Business etiquette is being rewritten. In an age when offices have given way to smaller desks at home, when electronic devices keep us in constant communication, and when the boundaries between our professional and personal lives are dissolving, we need the rules of etiquette more than ever.
Blame the pandemic or the constant vigil of washing our hands several times a day everybody seems to be getting on everybody else’s nerves. We’re all fumbling with a wider cultural confusion that has left the workplace riddled with etiquette faux pas. Indeed, social mores are changing so quickly, and home and office becoming so intertwined that even the most mannerly are probably confused.
A new set of rules
Etiquette is no longer limited to the confines of considering should a female manager stand to shake hands with a younger male associate? When attempting to maintain a professional identity in a virtual business space, etiquette defines one’s behaviour in dealing with the petty annoyances of the modern workplace with grace. Every situation seems to be new like what do you do when a colleague forgets to turn off his video during a zoom call as he gets up to stretch his legs or causes a sartorially immoral act of wearing his bermudas under his shirt tie and jacket? When people bellow into their cell phones? When your boss fails to respond to your e-mail? When a prospective employer doesn’t acknowledge receiving your résumé? The rules of work are changing.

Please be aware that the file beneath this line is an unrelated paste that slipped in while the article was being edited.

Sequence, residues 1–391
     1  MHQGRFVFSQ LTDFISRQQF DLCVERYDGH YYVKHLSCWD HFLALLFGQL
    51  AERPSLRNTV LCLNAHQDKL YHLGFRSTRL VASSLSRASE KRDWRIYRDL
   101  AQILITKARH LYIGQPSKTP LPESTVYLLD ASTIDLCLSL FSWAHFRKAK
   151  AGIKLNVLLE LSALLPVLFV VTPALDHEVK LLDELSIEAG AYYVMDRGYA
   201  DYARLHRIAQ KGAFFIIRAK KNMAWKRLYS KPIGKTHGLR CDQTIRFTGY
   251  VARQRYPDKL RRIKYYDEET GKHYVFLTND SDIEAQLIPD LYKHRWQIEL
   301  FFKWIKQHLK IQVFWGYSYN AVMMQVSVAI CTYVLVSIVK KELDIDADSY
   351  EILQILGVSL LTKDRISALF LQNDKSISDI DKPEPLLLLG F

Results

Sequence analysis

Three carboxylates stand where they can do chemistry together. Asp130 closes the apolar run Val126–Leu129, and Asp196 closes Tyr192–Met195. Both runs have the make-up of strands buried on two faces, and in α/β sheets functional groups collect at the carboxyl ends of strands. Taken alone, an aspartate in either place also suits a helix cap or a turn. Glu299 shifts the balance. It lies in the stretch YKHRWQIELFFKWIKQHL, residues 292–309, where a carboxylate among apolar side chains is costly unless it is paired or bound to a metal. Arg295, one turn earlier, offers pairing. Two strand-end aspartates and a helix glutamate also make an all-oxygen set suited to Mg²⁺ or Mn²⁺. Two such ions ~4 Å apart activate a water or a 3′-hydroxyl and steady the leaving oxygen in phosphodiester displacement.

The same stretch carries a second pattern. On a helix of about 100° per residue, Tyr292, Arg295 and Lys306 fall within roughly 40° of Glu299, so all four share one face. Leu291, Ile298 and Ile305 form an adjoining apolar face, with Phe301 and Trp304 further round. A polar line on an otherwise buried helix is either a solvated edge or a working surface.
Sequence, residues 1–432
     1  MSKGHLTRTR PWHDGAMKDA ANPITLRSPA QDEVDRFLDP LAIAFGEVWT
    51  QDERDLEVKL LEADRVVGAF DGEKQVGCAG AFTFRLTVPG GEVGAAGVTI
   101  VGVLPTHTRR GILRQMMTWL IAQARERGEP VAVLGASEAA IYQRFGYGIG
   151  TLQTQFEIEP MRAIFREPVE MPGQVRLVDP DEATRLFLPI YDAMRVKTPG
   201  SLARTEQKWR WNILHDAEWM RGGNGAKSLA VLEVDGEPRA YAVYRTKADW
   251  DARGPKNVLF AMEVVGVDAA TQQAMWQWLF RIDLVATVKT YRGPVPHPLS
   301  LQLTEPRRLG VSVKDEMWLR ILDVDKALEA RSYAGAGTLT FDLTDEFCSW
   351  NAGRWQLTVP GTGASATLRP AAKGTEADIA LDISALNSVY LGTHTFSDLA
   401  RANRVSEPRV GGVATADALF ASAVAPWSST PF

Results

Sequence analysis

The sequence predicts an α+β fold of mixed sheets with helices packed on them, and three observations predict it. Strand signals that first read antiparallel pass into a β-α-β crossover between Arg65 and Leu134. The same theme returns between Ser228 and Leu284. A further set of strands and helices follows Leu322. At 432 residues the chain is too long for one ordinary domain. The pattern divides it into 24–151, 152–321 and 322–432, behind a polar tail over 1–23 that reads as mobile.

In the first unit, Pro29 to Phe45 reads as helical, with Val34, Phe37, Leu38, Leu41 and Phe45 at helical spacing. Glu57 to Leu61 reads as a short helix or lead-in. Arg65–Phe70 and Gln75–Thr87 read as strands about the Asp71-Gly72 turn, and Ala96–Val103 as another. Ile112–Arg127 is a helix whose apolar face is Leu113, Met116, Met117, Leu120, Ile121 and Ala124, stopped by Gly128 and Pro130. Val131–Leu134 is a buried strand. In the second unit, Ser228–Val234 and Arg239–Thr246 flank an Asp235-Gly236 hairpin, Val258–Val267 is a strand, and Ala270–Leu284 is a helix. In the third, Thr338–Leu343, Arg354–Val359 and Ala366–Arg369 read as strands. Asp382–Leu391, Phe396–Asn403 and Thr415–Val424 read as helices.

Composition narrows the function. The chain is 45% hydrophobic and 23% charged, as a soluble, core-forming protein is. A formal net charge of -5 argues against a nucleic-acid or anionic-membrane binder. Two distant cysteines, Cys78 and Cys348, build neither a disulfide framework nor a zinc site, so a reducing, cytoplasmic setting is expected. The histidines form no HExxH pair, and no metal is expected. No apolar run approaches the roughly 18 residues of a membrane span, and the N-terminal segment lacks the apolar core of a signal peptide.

It’s still about common sense
Does that mean that the basics of good manners are changing too? Emphatically not! In fact, business etiquette is still inspired by the common sense of being considerate, respectful, and honest with others whether it is to maintain a social distance or drastically reduce our haptics while interacting with masked people. Meeting etiquette has changed as we do business over virtual settings. Bosses and the HR heads are trying their best to learn how to announce a layoff in the most humane tone. Though when it comes to the best behaviour of reacting to being laid-off, the etiquette experts might differ. Even though we can all agree that flexibility is a part of the foundation of surviving in today’s uncertain world, there’s no real instruction manual for how to do so. Since we each have a different set of life circumstances, preferences, and needs, let us allow etiquette to lay out the rules of sensible living for each of us.
It can save us from the quotidian nuisances of a virtual life. Most important, it allows us to redraw the boundaries that define civility (even through a screen!) and ensure our own sanity. So, an erstwhile social sin of checking the e-mail while riding in an elevator, might be allowable in the current times of technically charged presence, as long as we remember to maintain personal dignity and to show respect for others by logging in for a Zoom meeting at least 15 minutes before schedule and please be on mute as much as one can to maintain a pleasant demeanour without invading others’ privacy; to be both attentive and discreet; and to combine honesty and tact.
—Chaudhary is a Chandigarh-based image and style consultant